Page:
Processing the total quantity of polluted sludge at the port of Antwerp is a long-term task. A pilot project was started in 2018 after obtaining the necessary permits and some modifications to the water treatment plant. “We have added an extra step to our processes and installed activated carbon filters. These filter the toxic substances out of the water after it passes through our treatment plant,” says Yi-Bin Shan, Head of Maritime Access. “During that pilot project, we had already dredged, transferred and processed 185,000 m³ of heavily contaminated sludge on AMORAS. In this way, we were able to properly map out the impact on the installation and all possible risks. Now, there is an agreement to remove 800,000 m³ of sludge from the harbour docks over the next five years and process it into 500,000 tonnes of filter cake. We'll first remove the sludge that obstructs nautical access and the worst TBT hotspots in the older, southern part of the port. Then we'll deal with the other areas.”

    AMORAS: innovative cooperation between government, port and dredging companies

    Through AMORAS, the Flemish government and Port of Antwerp are working together on the sustainable and long-term storage and processing of maintenance dredging sludge from the Antwerp docks. AMORAS stands for Antwerp Mechanical Dewatering, Recycling and Application of Sludge. The Department of Mobility and Public Works provides 80% of the funds, while Port of Antwerp provides the other 20%. Since 2011, the dewatering plant has been processing 450,000 tonnes of dry matter into filter cakes every year. The temporary trade association SeReAnt operates the installation. SeReAnt is a collaboration between the environmental companies DEC of Deme Group and Envisan of Jan De Nul Group. AMORAS is constantly looking for solutions for re-using the dry matter obtained from non-polluted dewatered sludge in useful applications. There are several routes, but the concrete industry in particular is showing interest in the filter cakes.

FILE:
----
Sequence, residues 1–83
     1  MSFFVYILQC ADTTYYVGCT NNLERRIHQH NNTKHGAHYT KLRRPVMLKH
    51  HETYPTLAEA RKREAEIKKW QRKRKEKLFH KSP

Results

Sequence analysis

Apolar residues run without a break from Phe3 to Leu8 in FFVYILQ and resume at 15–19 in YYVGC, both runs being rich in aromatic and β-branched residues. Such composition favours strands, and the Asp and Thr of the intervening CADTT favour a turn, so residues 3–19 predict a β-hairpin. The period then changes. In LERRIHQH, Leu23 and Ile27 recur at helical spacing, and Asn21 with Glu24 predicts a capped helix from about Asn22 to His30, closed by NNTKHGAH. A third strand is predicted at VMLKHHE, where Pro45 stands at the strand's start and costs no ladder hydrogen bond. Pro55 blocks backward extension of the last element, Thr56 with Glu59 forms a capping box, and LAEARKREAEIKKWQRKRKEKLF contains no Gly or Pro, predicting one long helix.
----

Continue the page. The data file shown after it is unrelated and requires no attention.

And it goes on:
2020 September 21

12:01 Fincantieri launches the first patrol vessel for Qatar
11:00 BeHydro dual-fuel hydrogen engine awarded Approval in Principle by LR
10:39 Remote audits discussed to avoid further disruption to audit schedule
10:02 Philippine Ports Authority launches COVID-19 contact tracing system for all port users, community
09:41 Oil prices are slightly up
09:23 MABUX: Bunker market this morning, Sep 21
09:08 Baltic Dry Index as of September 18

2020 September 20

16:27 Innovative vacuum cleaner removes plastic from nature reserve in the port of Antwerp
15:33 Master and chief engineer plead guilty in MV Funing case
14:07 World’s largest LNG bunkering vessel arrives in Rotterdam
12:38 Austal Australia delivers 7th GCPB
11:14 ABS to class another four VLEC for Zhejiang Satellite Petrochemical
10:49 MBZ and Boluda Towage Europe ink the 5-year concession agreement for providing sustainable towage service in the Port of Zeebrugge

2020 September 19

15:04 Vroon to recycle three PSVs
14:11 Limited openings at Erasmus Bridge for tall vessels
13:46 The construction of Finnnline's second hybrid ro-ro vessel started
12:33 USCG offloads estimated $216 million of cocaine, marijuana at Port Everglades
11:17 New Maritime Minister visits Port of Southampton